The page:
After all three Camels returned to No. 66 Squadron’s airfield, Birks summed up the claims: “Two EA shot down by Captain Barker, one EA shot down by Lieutenant Birks and one EA shot down by Lieutenant Apps. The pilot of one of the D.Vs shot down by Captain Barker was exceptionally skillful.”
Of the three Flik 55/J pilots who took off from Pergine that morning, only Kirják (with two victories, the only non-ace of the six combatants) returned to his airfield. He was unhurt, but few parts of his plane were not full of bullet holes, and he was probably the “D.V” that Apps claimed over Mount Coppola. Kasza returned in his repaired fighter that afternoon. Apparently his first intentional dive and his second out-of-control spiral had caused Barker to claim him twice!
Sometime afterward, Austro-Hungarian troops found Kiss dead amid the wreckage of his Phönix 422.10, on a hillside near Lamon, where Birks had claimed his “Berg” had fallen. Kiss’ wristwatch had stopped ticking at precisely 1100 hours.
Posthumously made a Leutnant (the only Austro-Hungarian, alive or dead, so commissioned), Kiss was buried at Pergine on May 26, during which an Allied plane flew over and dropped a wreath with a message in English: “The Royal Flying Corps sends a last greeting to the brave foe, Jos. Keash (sic), who, in an air combat over Campolongo, died the death of a hero.”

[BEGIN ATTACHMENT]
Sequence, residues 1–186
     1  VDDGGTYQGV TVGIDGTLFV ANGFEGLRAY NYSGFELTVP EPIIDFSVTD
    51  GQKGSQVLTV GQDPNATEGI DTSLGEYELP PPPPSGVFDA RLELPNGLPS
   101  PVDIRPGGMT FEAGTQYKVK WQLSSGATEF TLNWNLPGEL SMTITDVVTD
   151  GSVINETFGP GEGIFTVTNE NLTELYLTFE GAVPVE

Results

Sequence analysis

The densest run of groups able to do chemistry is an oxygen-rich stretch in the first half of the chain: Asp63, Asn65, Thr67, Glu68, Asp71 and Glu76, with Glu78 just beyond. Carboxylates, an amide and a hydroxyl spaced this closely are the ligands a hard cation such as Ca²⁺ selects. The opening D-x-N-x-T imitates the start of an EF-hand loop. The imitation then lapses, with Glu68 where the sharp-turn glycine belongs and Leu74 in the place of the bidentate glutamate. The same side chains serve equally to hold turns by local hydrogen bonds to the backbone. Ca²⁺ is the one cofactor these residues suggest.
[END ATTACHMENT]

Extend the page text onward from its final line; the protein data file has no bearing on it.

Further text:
On June 3, Birks added a bar to his Military Cross. One day earlier he had received D8101, a replacement for his faithful but battle-weary Camel B6424. “It was also marked ‘P,’” Birks commented. “It had a more powerful engine. I requested that the machine guns which were on B6424 be transferred to my new machine. My commanding officer granted my request. I still have the bullseye (the blue, white and red cockade) from the right-hand side of B6424.”
At 1030 hours on June 9 Birks tested his new mount against a flight of Albatros D.IIIs of Flik 9/J east of Levico. Two were claimed by Barker and one by Birks. Flik 9/J’s only documented casualty was Feldwebel Lajos Telessy, a Hungarian with four victories before being wounded that day, dying in hospital the next.
On June 15, the Austro-Hungarians launched their last offensive, directing their main thrust against the Italians on a 25-mile front along the Piave River. At the same time, the Austro-Hungarians assaulted French forces at Mount Grappa, and threw four divisions against the British 23rd and 48th divisions on the Asiago plateau.